FIGS. 5-7 illustrate an alternative embodiment of the invention with like reference numerals referring to like elements. The primary difference between catheter assembly 2A of FIGS. 5-7 and catheter assembly 2 of FIGS. 1-4 is the addition of a stiffener wire 68 which extends from a stiffener wire slider 70 carried by handle 4 into various positions along tip section 12 depending on the particular location of slider 70. Advancing slider 70 in the direction of arrow 58 extends stiffener wire 68 further into tip section 12; thus tip section 12, when axially deflected by the manipulation of slider 56, should have a smaller radius of curvature because of the additional stiffness imparted to tip section 12, especially along the proximal portion of the tip section.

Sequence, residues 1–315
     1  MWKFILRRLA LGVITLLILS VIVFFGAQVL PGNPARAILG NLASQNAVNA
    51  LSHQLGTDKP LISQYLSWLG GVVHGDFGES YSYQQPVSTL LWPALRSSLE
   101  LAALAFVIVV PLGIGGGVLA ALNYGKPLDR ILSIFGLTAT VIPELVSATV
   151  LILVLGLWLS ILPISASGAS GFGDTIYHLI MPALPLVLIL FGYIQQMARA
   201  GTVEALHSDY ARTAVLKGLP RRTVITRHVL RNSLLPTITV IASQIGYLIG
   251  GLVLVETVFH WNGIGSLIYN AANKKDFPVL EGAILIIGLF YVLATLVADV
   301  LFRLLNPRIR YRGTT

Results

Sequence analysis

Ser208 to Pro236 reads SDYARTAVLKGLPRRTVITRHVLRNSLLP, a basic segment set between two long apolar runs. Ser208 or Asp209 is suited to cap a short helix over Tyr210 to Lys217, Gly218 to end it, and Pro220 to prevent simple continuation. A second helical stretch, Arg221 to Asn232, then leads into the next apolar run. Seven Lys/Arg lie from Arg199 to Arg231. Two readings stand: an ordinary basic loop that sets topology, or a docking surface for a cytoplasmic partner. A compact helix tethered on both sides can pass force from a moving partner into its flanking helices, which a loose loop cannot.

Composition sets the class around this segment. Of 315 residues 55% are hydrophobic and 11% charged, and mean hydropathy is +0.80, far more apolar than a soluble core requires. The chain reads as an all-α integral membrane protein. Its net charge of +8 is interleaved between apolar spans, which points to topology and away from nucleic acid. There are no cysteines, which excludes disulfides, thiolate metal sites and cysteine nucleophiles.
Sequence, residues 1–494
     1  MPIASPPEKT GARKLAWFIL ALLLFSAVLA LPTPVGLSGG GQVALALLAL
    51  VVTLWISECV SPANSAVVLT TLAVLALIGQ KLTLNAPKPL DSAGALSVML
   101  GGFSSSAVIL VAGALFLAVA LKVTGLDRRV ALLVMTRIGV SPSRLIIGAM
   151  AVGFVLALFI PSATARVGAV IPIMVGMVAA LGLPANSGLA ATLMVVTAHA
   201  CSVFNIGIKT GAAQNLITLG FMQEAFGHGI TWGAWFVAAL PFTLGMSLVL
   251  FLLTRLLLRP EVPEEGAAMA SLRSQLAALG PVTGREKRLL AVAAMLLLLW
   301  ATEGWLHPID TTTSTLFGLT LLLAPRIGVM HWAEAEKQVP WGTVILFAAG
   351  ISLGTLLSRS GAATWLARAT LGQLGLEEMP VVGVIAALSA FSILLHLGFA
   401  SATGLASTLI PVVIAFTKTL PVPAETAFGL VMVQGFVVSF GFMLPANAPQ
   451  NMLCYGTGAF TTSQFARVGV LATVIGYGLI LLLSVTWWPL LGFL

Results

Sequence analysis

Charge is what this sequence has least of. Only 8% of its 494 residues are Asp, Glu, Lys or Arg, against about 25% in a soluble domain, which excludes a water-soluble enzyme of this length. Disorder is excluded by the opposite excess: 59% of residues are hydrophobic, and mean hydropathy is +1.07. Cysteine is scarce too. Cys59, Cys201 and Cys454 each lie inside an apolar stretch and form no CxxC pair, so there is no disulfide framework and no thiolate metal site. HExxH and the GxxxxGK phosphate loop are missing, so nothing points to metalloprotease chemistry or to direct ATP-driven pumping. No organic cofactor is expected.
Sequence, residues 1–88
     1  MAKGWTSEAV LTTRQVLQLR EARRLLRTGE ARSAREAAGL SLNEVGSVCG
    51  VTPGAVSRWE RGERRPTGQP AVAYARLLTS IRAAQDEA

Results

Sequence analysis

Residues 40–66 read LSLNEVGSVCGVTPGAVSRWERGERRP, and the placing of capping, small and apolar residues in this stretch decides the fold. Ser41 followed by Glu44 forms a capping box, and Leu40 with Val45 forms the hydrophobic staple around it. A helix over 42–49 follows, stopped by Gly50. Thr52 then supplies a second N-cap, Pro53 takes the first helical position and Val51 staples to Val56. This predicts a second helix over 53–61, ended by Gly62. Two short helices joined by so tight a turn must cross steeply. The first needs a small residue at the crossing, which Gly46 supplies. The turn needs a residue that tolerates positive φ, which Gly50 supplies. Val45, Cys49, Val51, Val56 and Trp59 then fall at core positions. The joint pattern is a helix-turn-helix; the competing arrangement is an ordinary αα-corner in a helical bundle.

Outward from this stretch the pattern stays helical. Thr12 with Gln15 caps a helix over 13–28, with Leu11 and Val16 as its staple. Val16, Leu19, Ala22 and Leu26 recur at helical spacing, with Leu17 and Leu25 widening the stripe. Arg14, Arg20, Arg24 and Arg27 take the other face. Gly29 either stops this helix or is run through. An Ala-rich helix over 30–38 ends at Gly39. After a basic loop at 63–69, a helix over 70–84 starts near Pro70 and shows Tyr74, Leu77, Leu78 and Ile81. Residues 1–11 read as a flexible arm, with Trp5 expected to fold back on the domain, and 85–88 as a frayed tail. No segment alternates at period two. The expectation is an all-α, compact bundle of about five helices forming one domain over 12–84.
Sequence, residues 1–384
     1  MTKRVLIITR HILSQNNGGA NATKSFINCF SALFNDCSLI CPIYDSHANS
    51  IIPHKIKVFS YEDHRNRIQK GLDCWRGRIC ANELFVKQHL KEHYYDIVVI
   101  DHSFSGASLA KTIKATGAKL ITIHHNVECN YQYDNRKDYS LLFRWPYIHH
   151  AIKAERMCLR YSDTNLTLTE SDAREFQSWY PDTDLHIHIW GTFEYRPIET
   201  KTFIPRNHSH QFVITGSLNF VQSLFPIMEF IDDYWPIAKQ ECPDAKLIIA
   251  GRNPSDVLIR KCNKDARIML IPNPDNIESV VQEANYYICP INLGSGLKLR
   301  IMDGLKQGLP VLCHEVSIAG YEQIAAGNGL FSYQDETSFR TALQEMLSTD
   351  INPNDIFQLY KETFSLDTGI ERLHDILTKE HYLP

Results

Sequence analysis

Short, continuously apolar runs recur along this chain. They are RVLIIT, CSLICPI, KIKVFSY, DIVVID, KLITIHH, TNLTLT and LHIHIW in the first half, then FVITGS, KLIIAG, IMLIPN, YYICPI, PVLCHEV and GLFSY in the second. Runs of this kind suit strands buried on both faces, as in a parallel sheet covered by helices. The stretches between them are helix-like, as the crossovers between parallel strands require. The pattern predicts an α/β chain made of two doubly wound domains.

FIG. 8 illustrates a cross-sectional view similar to that of FIG. 6 of a further alternative embodiment of the invention. In this embodiment a spring coil 66 extends along the entire length of catheter shaft 6. Spring coil 72 is preferably made of tightly wound 0.007 inch (0.18 mm) diameter stainless steel. Spring coil 77 is anchored at each end to catheter shaft 6 so that a slight compression is built into the spring coil. Use of spring coil 72 increases the columnar strength of catheter shaft 6 to prevent waviness of the catheter shaft during use and to reduce catheter shaft undulation when tip section 12 is deflected.